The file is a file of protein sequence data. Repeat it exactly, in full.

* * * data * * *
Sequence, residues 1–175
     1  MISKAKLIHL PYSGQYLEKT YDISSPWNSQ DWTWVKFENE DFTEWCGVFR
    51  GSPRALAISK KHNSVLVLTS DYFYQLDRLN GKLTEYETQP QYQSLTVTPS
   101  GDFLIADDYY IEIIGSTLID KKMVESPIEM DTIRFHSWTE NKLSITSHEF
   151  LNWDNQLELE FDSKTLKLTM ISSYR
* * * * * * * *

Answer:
Sequence, residues 1–175
     1  MISKAKLIHL PYSGQYLEKT YDISSPWNSQ DWTWVKFENE DFTEWCGVFR
    51  GSPRALAISK KHNSVLVLTS DYFYQLDRLN GKLTEYETQP QYQSLTVTPS
   101  GDFLIADDYY IEIIGSTLID KKMVESPIEM DTIRFHSWTE NKLSITSHEF
   151  LNWDNQLELE FDSKTLKLTM ISSYR